Canyon Vista

Canyon Vista – Palo Duro Canyon near Claude, Texas
Copyright © 2010 Jeff Lynch Photography
Shot taken with a Canon EOS 5D Mark II set on aperture (Av) priority using a TS-E 24mm f/3.5L II lens tripod mounted. The exposure was taken at 24mm, f/16 for 1/10th of a second at ISO 100 using a Singh-Ray warming polarizer filter and 2-stop graduated neutral density filter. Post capture processing was done in Adobe’s Lightroom 3 and Photoshop CS5.
Click on the image above for a larger version.

Valley Forged

Valley Forged

Valley Forged – Palo Duro Canyon State Park, Texas
Copyright © 2010 Jeff Lynch Photography
Shot taken with a Canon EOS 5D Mark II set on aperture (Av) priority using a TS-E 24mm f/3.5L II lens tripod mounted. The exposure was taken at 24mm, f/18 for 120th of a second at ISO 100 using a Singh-Ray warming polarizer filter. Post capture processing was done in Adobe’s Lightroom 3 & Photoshop CS5.
Click on the image above for a larger version.

Rock of Ages

Rock of Ages

Rock of Ages – Palo Duro Canyon State Park, Texas
Copyright © 2010 Jeff Lynch Photography
Shot taken with a Canon EOS 5D Mark II set on aperture (Av) priority using an EF 70-200mm f/4L IS USM lens tripod mounted. The exposure was taken at 70mm, f/16 for 1/4th of a second at ISO 100 using a Singh-Ray warming polarizer filter. Post capture processing was done in Adobe’s Lightroom 3 and Photoshop CS5.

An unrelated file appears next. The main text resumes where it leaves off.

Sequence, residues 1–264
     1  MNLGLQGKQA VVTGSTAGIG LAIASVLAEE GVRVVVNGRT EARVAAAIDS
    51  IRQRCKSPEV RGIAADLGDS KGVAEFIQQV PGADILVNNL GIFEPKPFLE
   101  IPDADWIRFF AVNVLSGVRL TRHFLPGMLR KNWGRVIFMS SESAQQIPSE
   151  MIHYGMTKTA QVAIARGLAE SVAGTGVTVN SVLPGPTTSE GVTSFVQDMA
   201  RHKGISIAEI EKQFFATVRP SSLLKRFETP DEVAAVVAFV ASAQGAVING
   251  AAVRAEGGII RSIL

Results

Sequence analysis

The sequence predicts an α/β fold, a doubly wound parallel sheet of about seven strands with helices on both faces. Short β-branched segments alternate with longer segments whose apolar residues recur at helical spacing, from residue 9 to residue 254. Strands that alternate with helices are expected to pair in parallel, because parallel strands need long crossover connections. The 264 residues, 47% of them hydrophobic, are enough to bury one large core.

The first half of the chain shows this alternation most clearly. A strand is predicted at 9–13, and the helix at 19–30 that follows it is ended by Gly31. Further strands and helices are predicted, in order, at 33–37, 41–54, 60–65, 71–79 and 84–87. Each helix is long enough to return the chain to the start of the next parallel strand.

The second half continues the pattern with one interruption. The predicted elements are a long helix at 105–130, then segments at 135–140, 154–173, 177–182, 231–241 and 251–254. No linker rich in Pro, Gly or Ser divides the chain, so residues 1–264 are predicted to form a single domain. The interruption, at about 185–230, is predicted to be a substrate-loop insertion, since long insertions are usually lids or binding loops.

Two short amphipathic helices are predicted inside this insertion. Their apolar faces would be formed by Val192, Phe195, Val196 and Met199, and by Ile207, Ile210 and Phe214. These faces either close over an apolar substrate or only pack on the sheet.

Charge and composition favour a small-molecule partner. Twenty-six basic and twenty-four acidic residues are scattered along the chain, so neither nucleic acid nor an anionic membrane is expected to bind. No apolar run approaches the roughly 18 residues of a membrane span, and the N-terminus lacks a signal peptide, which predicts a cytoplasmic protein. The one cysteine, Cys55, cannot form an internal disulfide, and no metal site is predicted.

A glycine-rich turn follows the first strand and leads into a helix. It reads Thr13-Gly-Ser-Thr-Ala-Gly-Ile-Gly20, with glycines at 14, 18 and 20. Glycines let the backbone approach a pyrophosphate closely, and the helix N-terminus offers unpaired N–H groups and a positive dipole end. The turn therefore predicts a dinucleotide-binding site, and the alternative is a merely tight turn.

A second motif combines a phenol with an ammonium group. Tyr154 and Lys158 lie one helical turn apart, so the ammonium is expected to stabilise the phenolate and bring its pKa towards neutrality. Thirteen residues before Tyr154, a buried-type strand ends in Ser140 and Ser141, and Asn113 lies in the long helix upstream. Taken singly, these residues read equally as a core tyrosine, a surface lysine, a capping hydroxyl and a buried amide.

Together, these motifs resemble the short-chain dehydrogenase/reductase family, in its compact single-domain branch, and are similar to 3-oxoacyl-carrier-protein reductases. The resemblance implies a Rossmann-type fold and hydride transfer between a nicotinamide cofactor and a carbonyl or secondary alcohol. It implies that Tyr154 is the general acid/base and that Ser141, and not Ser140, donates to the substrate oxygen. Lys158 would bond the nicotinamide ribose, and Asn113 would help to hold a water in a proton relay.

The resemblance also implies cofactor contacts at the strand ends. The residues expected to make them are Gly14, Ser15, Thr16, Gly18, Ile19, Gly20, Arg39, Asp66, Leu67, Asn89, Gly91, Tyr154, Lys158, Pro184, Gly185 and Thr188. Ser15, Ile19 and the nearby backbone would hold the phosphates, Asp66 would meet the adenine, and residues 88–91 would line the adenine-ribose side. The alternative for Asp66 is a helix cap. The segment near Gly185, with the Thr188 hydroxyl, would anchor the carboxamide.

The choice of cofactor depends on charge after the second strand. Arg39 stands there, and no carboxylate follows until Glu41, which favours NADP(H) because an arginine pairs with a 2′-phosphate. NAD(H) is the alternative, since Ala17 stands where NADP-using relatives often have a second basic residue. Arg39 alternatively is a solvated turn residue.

Click on the image above for a larger version.

Citadel – Palo Duro Canyon State Park, Texas

Want to add some drama to your landscape images? Looking for a way to have your best shots stand out from the crowd? Take a step back in time and relearn what you’ve forgotten from the early 70’s, to think in black & white!

If you’re like a lot of us that grew up before the age of “digital” when color film processing & printing was expensive beyond compare, you remember shooting roll after roll of 36 exposure Kodak Tri-X black & white film. Tri-X was one of Kodak’s most popular and versatile films and could be “pushed” from its native ASA 400 (before ISO) to ASA 1600 and beyond. The contrast in Tri-X negatives was spectacular as was the film’s “dynamic range” (different shades of gray). Photographers the world over praised Tri-X as the sports shooter’s best friend, the landscape shooter’s savior and the wedding photographer’s ticket to success.